When Did You Last Use a Typewriter?

Typewriter from The Shining

An article from Farhad Manjoo, formerly of Slate and soon to be formerly of the Wall Street Journal, is making the rounds on the Internet. His point is simple:

Typing two spaces after a period is totally, completely, utterly, and inarguably wrong.

This is old news, and not just because the article appears to have been published three years ago. (See the update at the bottom of the page.)

It’s old news because I remember reading this back in 1997 or so, when I was in college and working at UCSB Extension on the tech support team.1 On a slow day, I skimmed through a book we had on the shelf, The Mac is Not a Typewriter. It didn’t necessarily change my life, but it had many lessons on how to compose a manuscript on a Mac, or any computer, that have stuck with me. One of the cardinal lessons was to only use a single space after a period, especially if you were using a proportional-width font. Although I don’t have a copy of the book, but if memory serves, it was because you needed two spaces on a typewriter to distinguish an abbreviation and a sentence.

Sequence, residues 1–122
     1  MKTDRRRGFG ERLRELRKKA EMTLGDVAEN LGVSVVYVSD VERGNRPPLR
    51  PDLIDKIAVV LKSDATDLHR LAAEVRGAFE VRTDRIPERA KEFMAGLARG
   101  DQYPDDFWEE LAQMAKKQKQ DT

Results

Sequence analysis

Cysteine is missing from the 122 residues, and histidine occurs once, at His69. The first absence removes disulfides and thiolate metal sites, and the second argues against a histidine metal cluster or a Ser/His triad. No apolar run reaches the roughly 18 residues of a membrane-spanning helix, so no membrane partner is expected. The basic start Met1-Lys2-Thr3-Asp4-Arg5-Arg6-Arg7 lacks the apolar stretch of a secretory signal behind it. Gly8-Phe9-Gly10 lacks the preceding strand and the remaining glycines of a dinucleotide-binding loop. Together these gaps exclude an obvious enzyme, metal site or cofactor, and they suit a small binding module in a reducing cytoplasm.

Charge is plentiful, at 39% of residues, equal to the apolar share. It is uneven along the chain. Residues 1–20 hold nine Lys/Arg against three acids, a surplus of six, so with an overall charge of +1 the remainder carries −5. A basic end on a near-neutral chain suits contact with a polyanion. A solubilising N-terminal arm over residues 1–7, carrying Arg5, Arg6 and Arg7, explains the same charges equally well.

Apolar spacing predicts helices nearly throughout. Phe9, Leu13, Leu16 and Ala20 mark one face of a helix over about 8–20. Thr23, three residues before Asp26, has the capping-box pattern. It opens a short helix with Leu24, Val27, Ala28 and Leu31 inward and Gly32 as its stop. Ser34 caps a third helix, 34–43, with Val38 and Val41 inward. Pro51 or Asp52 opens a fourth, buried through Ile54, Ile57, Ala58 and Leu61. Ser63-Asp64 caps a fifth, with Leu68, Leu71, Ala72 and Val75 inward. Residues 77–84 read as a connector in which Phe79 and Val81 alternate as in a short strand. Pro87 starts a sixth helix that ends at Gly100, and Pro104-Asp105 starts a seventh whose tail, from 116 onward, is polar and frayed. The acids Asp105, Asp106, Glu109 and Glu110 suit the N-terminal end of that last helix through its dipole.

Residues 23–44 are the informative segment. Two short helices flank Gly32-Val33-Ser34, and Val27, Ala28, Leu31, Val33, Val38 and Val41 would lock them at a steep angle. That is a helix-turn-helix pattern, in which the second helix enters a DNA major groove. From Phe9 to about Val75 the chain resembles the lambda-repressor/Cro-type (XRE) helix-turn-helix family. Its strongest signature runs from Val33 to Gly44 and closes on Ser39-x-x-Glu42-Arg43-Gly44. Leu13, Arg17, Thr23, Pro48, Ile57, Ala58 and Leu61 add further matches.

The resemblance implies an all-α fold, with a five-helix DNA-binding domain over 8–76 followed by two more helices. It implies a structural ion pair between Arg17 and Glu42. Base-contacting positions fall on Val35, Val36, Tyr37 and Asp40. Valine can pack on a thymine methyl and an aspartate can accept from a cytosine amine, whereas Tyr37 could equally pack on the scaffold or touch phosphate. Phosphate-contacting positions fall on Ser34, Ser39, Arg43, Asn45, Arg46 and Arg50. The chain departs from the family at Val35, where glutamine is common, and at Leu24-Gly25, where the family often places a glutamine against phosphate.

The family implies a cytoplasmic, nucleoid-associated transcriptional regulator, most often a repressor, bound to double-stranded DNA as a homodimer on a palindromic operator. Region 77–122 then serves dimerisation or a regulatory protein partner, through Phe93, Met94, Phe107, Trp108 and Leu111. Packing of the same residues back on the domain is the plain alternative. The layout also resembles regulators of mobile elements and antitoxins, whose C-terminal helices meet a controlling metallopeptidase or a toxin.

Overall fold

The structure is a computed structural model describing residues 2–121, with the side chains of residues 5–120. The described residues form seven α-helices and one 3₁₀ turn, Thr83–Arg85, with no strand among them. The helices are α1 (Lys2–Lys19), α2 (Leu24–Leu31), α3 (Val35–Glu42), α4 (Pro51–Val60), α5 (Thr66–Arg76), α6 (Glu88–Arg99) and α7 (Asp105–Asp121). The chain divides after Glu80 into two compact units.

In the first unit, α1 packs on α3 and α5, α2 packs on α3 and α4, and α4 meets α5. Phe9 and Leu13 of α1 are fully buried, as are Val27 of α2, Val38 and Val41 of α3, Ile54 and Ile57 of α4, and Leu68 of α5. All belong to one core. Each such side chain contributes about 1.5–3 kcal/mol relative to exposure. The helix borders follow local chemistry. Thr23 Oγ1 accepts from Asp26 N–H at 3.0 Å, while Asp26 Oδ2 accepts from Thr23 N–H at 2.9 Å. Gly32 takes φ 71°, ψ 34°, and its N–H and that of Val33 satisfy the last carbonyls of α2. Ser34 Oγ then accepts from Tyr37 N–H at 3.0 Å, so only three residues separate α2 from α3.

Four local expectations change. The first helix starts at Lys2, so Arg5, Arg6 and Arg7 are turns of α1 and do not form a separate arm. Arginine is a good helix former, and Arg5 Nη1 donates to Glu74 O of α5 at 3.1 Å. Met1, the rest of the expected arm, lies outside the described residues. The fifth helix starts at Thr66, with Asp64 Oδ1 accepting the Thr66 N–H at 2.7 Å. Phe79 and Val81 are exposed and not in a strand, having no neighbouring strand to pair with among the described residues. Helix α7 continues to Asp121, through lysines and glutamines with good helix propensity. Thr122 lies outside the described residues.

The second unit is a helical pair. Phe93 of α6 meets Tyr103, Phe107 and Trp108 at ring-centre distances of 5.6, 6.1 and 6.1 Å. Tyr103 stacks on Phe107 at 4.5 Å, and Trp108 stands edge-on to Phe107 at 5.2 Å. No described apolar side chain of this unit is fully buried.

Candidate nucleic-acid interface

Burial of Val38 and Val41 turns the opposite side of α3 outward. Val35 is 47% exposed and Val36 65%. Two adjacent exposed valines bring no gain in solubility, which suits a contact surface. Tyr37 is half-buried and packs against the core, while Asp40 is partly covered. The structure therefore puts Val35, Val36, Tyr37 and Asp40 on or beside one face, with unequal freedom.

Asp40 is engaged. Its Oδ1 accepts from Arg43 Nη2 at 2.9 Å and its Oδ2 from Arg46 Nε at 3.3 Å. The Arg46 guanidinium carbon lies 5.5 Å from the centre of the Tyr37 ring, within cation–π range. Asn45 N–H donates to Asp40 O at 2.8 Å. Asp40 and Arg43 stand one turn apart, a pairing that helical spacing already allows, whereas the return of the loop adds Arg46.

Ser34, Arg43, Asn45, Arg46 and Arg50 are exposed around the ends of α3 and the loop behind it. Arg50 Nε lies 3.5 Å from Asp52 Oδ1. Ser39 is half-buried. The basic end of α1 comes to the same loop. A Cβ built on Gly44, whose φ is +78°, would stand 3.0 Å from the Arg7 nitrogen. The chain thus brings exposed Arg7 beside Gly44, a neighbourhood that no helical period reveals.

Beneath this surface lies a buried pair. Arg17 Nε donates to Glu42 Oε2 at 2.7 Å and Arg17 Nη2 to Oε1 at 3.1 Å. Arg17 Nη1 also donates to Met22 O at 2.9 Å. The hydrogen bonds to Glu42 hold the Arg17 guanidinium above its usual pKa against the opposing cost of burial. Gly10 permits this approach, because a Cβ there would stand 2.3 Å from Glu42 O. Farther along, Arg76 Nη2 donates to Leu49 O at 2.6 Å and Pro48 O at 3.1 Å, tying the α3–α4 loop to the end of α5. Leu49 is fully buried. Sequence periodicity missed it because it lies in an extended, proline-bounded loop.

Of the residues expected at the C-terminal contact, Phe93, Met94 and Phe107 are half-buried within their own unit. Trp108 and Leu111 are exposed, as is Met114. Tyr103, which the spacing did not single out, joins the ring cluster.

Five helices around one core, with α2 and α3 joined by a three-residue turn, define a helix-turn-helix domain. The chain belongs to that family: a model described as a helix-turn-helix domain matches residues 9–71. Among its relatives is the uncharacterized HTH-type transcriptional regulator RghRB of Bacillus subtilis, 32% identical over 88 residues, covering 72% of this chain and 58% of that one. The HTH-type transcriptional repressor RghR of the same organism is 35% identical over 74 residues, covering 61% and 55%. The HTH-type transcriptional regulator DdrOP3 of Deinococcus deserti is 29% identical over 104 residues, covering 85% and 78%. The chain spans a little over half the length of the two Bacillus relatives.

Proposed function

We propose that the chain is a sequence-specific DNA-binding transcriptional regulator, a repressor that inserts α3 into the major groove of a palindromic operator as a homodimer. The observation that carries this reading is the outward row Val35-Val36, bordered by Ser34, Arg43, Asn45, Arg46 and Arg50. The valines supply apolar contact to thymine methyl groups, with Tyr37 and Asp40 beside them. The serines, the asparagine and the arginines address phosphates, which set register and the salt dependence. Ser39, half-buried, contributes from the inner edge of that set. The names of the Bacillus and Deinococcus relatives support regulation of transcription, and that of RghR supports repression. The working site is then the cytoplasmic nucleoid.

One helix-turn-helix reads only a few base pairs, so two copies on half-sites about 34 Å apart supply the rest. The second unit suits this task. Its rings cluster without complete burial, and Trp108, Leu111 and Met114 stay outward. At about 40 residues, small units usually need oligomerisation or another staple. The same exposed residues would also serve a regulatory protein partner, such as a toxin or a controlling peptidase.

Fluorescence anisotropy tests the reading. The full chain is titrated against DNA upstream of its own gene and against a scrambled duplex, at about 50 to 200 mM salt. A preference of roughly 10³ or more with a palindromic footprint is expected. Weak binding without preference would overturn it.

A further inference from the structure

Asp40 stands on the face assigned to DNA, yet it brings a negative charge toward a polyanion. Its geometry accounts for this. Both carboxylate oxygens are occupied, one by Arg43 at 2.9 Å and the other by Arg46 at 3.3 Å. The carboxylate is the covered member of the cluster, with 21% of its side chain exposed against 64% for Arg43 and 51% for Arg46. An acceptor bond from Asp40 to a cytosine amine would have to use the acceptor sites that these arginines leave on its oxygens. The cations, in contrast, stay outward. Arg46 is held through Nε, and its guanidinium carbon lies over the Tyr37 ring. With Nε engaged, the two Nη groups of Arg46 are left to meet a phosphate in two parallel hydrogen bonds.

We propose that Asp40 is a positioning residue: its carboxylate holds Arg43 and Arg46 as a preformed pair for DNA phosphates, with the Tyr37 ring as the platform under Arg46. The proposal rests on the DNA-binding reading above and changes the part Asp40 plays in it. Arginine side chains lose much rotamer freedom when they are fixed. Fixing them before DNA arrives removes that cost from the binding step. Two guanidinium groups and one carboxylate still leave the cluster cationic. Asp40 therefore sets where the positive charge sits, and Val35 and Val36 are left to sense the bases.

For example:

New York City has many churches. St. Patrick's Cathedral is perhaps the best known.

Can you tell the difference between the end of the sentence “New York City has many churches” and the abbreviation for “Saint?” That’s why you needed to use two spaces after a period on a typewriter. Such is not the case on a computer.

There were a few other lessons that I recall from the Mac is Not a Typewriter:

  • Watch for widows and orphans.
  • Use smart quotes instead of straight ones.
  • The differences between a hyphen, an en-dash, and a em-dash.
  • Why underline when you can easily italicize?

The book appears to have been last updated in 2003. While that might seem like an eternity, a great deal of those lessons are still relevant today.


  1. Does anyone know when technology folks started working in “teams” instead of “groups”? That seems to be a fairly recent thing. 

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